When a Child Dies
How Pediatric Physicians and Nurses Cope
McKelvey interviews members of a pediatric hospital staff, specifically those working in intensive care and hematology-oncology units where children often die and where caretakers have a great deal of experience with terminal illness. His interview subjects discuss their family backgrounds and what led them into medicine; their education, training, and on-the-job experience that helps them deal with death; their emotional reactions to the death of a young person; and their styles of coping, both personally and professionally.
This is the first book to focus on the grieving process of physicians and nurses for their child patients. There is a wealth of information here that will be recognizable and comforting to those already in the medical profession and that will help in the training of those about to enter the profession. Physicians, nurses, and medical students, as well as sociologists, social workers, psychologists, psychiatrists, the clergy, and families, will find this book invaluable.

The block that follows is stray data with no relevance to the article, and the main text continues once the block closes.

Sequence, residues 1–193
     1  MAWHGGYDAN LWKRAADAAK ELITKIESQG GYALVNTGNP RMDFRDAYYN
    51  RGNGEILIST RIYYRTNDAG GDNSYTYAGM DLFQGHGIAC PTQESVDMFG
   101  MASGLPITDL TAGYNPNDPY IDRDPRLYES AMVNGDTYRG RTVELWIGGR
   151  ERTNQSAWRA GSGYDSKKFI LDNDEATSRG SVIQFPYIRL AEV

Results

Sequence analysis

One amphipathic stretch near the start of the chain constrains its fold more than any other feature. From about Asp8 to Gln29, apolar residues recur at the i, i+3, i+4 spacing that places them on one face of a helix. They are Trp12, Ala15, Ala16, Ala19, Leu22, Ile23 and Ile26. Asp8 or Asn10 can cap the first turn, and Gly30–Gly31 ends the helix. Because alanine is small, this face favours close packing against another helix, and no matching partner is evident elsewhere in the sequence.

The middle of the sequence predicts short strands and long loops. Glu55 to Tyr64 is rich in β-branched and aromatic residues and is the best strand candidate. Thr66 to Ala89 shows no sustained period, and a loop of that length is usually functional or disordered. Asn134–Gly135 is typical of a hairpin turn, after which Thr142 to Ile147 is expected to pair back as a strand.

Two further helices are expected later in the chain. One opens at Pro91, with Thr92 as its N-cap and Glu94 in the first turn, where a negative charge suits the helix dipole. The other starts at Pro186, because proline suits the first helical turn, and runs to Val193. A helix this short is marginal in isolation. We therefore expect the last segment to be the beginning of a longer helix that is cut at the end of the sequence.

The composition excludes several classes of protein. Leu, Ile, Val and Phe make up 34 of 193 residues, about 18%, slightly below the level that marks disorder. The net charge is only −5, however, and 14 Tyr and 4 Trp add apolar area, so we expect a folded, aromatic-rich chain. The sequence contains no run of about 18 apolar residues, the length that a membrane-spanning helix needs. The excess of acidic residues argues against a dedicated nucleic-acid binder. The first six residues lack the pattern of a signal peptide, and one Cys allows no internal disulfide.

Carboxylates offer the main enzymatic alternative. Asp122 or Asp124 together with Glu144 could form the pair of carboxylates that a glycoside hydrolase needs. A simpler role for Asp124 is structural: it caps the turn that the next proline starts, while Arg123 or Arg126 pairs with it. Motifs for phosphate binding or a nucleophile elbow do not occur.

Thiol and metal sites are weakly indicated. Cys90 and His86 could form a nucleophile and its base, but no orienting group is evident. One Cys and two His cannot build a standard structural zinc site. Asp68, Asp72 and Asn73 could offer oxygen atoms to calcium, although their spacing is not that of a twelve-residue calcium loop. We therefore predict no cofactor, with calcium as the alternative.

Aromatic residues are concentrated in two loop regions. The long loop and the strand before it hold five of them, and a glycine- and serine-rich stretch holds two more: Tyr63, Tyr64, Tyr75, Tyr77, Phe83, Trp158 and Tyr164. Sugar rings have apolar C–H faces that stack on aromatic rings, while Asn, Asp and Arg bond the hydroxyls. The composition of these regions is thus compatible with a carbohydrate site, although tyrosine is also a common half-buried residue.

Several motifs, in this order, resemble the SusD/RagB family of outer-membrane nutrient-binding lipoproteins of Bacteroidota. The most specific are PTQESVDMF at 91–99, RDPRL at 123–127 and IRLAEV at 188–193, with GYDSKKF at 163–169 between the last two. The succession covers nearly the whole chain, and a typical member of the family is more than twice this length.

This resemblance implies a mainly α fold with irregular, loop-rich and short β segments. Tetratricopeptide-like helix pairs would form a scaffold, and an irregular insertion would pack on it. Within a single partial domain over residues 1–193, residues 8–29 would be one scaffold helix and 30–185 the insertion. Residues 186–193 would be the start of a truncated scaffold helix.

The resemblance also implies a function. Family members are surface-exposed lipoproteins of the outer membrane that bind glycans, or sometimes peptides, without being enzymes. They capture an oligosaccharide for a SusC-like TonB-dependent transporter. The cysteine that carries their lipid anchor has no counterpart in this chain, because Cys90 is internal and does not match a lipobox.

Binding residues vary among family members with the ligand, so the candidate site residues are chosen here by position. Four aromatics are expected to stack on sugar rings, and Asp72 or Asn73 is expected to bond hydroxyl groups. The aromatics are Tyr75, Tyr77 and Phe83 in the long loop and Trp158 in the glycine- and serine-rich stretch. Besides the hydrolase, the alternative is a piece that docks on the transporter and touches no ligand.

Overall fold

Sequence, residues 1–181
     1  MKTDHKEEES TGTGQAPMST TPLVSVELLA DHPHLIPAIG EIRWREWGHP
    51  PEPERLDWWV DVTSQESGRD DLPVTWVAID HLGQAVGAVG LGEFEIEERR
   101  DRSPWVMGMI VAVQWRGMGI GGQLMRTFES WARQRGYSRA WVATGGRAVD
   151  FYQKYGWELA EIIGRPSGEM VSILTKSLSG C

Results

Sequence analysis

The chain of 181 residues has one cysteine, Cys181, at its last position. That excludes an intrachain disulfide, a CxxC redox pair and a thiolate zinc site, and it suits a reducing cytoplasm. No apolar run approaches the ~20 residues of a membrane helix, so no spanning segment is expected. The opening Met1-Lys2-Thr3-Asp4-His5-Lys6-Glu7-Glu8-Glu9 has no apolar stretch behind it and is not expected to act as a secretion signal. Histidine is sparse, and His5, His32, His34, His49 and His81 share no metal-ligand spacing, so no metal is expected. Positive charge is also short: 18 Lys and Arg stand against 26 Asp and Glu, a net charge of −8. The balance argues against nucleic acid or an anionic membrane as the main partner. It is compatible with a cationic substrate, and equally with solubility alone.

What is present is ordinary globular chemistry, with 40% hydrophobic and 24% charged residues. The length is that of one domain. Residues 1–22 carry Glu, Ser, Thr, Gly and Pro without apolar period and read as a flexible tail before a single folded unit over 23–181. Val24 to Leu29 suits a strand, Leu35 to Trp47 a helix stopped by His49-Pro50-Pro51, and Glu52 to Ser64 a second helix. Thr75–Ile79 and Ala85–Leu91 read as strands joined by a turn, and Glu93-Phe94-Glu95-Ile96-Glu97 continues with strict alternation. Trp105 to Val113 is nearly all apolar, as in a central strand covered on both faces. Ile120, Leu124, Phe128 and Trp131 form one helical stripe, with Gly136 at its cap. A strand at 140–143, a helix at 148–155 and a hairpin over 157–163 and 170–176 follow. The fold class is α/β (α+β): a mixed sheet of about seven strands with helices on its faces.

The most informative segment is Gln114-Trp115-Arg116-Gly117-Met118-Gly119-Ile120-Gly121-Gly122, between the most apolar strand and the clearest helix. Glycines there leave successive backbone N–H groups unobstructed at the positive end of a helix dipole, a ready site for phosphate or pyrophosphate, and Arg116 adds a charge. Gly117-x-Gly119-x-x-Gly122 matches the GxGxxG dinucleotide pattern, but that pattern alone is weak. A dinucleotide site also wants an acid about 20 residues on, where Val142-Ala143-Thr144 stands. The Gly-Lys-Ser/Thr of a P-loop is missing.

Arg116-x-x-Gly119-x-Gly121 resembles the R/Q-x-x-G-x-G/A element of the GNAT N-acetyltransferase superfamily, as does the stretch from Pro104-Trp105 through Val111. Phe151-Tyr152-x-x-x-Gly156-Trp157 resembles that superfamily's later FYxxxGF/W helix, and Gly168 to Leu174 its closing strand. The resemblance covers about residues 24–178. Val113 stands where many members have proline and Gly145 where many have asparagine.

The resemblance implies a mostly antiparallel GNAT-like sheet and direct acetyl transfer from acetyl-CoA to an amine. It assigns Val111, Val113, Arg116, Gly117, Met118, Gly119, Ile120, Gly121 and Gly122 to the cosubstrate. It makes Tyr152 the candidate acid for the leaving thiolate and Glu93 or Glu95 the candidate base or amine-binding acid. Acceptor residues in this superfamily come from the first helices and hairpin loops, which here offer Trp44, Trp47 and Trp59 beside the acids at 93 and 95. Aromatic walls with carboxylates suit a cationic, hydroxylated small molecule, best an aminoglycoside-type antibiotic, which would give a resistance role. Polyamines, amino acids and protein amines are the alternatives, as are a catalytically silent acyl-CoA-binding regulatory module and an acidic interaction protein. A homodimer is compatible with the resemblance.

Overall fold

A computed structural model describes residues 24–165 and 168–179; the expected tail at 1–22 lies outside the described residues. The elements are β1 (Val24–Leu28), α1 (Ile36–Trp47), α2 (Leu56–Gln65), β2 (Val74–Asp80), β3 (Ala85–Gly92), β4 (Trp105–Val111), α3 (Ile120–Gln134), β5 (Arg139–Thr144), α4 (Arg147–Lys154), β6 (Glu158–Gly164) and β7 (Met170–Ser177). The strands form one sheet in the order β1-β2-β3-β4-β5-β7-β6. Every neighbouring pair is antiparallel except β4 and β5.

About the Author
"An original book, distinguished by the author's obvious depth and breadth of knowledge. His profound familiarity with his subject enables him to explain complexities of medical and nursing practice and intrapsychic processes of grieving with great simplicity. His cases and analyses resonate with truth. I would put a copy in every physician on-call room and nursing staff lounge in my pediatric hospital."—Catherine Fiona McPherson, School of Nursing, University of Washington
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